Clinical use of aided cortical auditory evoked potentials as a measure of physiological detection or physiological discrimination.

Billings CJ, Papesh MA, Penman TM, Baltzell LS, Gallun FJ - Int J Otolaryngol (2012)

Examples of physiological detection (a–d) and physiological discrimination (e–h) approaches from the aided CAEP literature. Results across these studies demonstrate significant amplification effects (unaided versus aided) for physiological detection, but very limited amplification effects for physiological discrimination. All figures were modified from published figures; the appropriate citation is indicated for each panel (see Table 1 for details).
© Copyright Policy - open-access
Related In: Results  -  Collection

Show All Figures
getmorefigures.php?uid=PMC3472537&req=5

fig1: Examples of physiological detection (a–d) and physiological discrimination (e–h) approaches from the aided CAEP literature. Results across these studies demonstrate significant amplification effects (unaided versus aided) for physiological detection, but very limited amplification effects for physiological discrimination. All figures were modified from published figures; the appropriate citation is indicated for each panel (see Table 1 for details).
Mentions: The different focus of these two approaches contributes to the variability in the existing literature involving aided CAEPs. Significant changes in waveform morphology (i.e., amplification effects) were often found when individuals/groups were tested in studies that used a physiological detection approach, comparing inaudible to audible conditions (e.g., [8, 14, 17]); whereas, amplification effects were often absent or small in studies that used a physiological discrimination approach comparing two suprathreshold responses (e.g., [3, 4, 20]). A comparison of these approaches is presented in Figure 1 and the corresponding Table 1, where the examples in the left column (a–d) demonstrate clear amplification effects obtained in a physiological detection approach; in contrast, examples of a physiological discrimination approach displayed in the right column (e–h) show small or absent amplification effects. It is noteworthy that many of the early publications highlighted case studies, and that despite the significant number of aided CAEP publications, only a limited subset displayed electrophysiological waveforms.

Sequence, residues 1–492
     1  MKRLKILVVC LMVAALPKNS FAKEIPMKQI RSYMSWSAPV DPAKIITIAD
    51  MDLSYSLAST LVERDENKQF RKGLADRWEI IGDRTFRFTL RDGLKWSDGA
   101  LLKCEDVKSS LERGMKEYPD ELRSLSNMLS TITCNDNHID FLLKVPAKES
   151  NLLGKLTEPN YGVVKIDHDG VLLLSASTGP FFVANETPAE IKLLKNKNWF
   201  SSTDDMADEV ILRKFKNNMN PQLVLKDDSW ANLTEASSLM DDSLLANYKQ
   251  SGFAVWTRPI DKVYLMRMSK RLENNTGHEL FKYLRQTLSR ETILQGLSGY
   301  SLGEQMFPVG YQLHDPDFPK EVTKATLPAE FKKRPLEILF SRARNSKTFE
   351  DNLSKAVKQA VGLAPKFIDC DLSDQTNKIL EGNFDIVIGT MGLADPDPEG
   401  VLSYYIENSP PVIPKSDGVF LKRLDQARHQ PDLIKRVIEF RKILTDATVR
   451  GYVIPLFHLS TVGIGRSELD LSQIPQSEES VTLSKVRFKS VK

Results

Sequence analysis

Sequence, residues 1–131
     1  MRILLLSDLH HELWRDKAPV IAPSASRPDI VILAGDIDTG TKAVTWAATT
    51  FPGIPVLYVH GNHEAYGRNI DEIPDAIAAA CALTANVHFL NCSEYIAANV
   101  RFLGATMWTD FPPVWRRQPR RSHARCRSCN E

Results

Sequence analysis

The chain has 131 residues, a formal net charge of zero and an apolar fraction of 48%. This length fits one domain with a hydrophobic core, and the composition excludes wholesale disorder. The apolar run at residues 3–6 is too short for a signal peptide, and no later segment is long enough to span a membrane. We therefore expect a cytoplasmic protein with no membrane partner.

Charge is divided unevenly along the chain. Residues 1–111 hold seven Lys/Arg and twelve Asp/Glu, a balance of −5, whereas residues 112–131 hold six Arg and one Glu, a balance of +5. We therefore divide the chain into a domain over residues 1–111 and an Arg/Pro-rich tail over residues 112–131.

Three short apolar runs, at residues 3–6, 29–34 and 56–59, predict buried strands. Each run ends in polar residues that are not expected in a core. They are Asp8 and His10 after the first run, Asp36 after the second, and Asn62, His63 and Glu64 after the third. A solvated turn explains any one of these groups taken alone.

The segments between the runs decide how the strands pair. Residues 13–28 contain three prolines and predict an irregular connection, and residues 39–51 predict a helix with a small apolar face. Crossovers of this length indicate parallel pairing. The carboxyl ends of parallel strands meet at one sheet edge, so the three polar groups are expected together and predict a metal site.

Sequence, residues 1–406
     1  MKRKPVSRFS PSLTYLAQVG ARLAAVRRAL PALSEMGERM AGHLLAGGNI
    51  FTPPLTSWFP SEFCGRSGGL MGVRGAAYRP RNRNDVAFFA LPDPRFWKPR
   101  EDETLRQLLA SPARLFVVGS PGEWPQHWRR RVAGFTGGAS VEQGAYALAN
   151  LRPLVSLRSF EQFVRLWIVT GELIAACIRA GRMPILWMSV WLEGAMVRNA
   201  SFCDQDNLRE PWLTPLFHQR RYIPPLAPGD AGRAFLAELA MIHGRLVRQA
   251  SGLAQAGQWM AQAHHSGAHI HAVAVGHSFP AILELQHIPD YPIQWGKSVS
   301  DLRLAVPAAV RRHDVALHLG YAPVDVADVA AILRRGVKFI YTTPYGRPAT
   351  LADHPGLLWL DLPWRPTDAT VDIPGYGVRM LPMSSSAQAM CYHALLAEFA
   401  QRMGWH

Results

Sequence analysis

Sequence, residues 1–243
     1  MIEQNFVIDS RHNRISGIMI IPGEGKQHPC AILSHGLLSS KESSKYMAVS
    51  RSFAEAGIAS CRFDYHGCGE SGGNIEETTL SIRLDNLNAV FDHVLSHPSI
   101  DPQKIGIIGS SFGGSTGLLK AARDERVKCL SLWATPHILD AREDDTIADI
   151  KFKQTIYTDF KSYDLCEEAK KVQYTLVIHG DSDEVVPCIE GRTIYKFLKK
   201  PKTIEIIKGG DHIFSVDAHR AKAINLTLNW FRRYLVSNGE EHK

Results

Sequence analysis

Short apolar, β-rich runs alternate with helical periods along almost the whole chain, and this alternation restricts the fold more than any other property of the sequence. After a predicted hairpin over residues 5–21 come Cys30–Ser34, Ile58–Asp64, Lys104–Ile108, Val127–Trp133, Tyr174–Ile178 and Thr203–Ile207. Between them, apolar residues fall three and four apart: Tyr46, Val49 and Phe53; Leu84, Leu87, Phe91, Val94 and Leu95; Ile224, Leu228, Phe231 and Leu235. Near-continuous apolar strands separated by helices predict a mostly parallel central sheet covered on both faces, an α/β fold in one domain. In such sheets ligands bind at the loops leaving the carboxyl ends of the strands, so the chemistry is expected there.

Bottom Line: One major contributor to this ambiguity is the wide range of variability across published studies and across individuals within a given study; some results demonstrate expected amplification effects, while others demonstrate limited or no amplification effects.Recent evidence indicates that some of the variability in amplification effects may be explained by distinguishing between experiments that focused on physiological detection of a stimulus versus those that differentiate responses to two audible signals, or physiological discrimination.Stimulus levels were varied to study the effect of hearing-aid-signal/hearing-aid-noise audibility relative to the noise-masked thresholds.

View Article: PubMed Central - PubMed

Affiliation: National Center for Rehabilitative Auditory Research, Portland Veterans Affairs Medical Center, Portland, OR 97239, USA ; Department of Otolaryngology/Head & Neck Surgery, Oregon Health & Science University, Portland, OR 97239, USA.

ABSTRACT
The clinical usefulness of aided cortical auditory evoked potentials (CAEPs) remains unclear despite several decades of research. One major contributor to this ambiguity is the wide range of variability across published studies and across individuals within a given study; some results demonstrate expected amplification effects, while others demonstrate limited or no amplification effects. Recent evidence indicates that some of the variability in amplification effects may be explained by distinguishing between experiments that focused on physiological detection of a stimulus versus those that differentiate responses to two audible signals, or physiological discrimination. Herein, we ask if either of these approaches is clinically feasible given the inherent challenges with aided CAEPs. N1 and P2 waves were elicited from 12 noise-masked normal-hearing individuals using hearing-aid-processed 1000-Hz pure tones. Stimulus levels were varied to study the effect of hearing-aid-signal/hearing-aid-noise audibility relative to the noise-masked thresholds. Results demonstrate that clinical use of aided CAEPs may be justified when determining whether audible stimuli are physiologically detectable relative to inaudible signals. However, differentiating aided CAEPs elicited from two suprathreshold stimuli (i.e., physiological discrimination) is problematic and should not be used for clinical decision making until a better understanding of the interaction between hearing-aid-processed stimuli and CAEPs can be established.

No MeSH data available.